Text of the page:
Changing Climate May Have Led To Earliest Mummies
by Elizabeth Shogren - NPR Morning Edition
August 15, 2012
A couple of thousand years before the Egyptians preserved some of their dead, a much simpler society made the first known mummies.
The Chinchorros, the first mummy makers, lived about 7,000 years ago in South America, on the coast near the border between modern-day Peru and Chile. The desert area where they lived was so dry, dead people turned into mummies naturally.
"Once you die, you stay around," says Chilean ecologist Pablo Marquet, who studies the Chinchorros and the area where they lived. "You don't disappear because of the decomposition that happens in many other environments."
At some point, the Chinchorros stopped leaving it to nature, and began mummifying their dead. They started dressing them up with wigs, clay and paint.
A few years ago, Marquet joined archaeologists and paleoanthropologists to answer that central question.
If you have more individuals in a population and they start interacting, it is more likely that new ideas will emerge, and once new ideas emerge they will spread faster.
- Ecologist Pablo Marquet
What they did know was that the early Chinchorros were hunter-gatherers. They did bury their dead, but in shallow graves only about a foot or two from the surface. It took only a little erosion for these dead people to be revealed.
"[In] most other populations, the dead disappear and become recycled back into the system," Marquet says, "but here they stay around."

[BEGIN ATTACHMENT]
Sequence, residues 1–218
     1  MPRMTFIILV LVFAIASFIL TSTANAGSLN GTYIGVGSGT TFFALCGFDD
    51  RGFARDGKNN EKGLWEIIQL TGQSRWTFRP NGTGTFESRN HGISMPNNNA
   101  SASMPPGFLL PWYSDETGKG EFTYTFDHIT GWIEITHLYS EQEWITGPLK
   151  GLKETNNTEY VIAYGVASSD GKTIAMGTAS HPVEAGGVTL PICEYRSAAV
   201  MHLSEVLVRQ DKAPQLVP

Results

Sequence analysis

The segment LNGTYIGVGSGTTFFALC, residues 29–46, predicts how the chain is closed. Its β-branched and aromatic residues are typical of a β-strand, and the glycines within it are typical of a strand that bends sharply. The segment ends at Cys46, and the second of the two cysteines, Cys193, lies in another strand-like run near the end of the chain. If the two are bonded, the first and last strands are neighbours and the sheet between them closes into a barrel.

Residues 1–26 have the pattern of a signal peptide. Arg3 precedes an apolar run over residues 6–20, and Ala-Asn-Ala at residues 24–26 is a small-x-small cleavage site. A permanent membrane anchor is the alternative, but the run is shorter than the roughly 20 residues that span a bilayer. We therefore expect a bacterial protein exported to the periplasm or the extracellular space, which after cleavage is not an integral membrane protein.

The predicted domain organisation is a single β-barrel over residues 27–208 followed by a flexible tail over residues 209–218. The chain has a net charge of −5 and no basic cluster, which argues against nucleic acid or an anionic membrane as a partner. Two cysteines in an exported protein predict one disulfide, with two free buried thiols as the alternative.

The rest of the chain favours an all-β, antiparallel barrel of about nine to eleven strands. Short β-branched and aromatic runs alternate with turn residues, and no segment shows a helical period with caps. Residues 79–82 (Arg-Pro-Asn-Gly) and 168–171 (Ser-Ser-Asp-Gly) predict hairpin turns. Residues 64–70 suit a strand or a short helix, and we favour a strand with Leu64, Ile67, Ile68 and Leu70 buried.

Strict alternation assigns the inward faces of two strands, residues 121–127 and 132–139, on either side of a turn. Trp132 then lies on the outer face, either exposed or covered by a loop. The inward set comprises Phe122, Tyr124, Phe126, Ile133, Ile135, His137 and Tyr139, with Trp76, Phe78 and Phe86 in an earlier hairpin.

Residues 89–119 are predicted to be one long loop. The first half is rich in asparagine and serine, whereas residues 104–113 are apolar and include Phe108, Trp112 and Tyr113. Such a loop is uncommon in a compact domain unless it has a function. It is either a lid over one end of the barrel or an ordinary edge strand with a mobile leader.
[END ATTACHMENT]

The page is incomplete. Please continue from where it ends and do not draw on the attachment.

The living also encountered the dead when they dug new graves. Diseases and arsenic poisoning from drinking water were rampant, adding up to a lot of corpses on the landscape. In fact, Marquet and his team calculated that the average person would encounter these natural mummies at least hundreds of times in a lifetime.
"The question was why they started to mummify their dead, and I think the key insight came from the observation of their environment," Marquet says.
He says he thinks seeing all these mummies inspired the Chinchorros' death rituals. His team also looked at data about the climate thousands of years ago.
"We started seeing the data, and everything was like aligning perfectly," he says. "We couldn't believe it."
According to the data, it appears the Chinchorros started preserving and decorating corpses during a time their climate was wetter. There would be more water and more seafood around to support a bigger population. Artifacts from that era confirm that the population surged around this time.
"If you have more individuals in a population and they start interacting, it is more likely that new ideas will emerge, and once new ideas emerge they will spread faster," Marquet says.
The idea is that the more hospitable environment gave people more free time. They no longer needed all their time for hunting and gathering. They had time to care for their dead and to pass on their embalming techniques to others.
The findings appear in the journal Proceedings of the National Academy of Sciences.
These mummies haven't revealed all their secrets yet. Researchers are still trying to explain why infants and fetuses were among the South American mummies; other cultures reserved this treatment for their elite.
A photo from a recent National Geographic story shows a long-buried corpse, preserved by one of Earth's driest climates, Chile's Atacama Desert, where it has retained centuries-old skin, hair and clothing.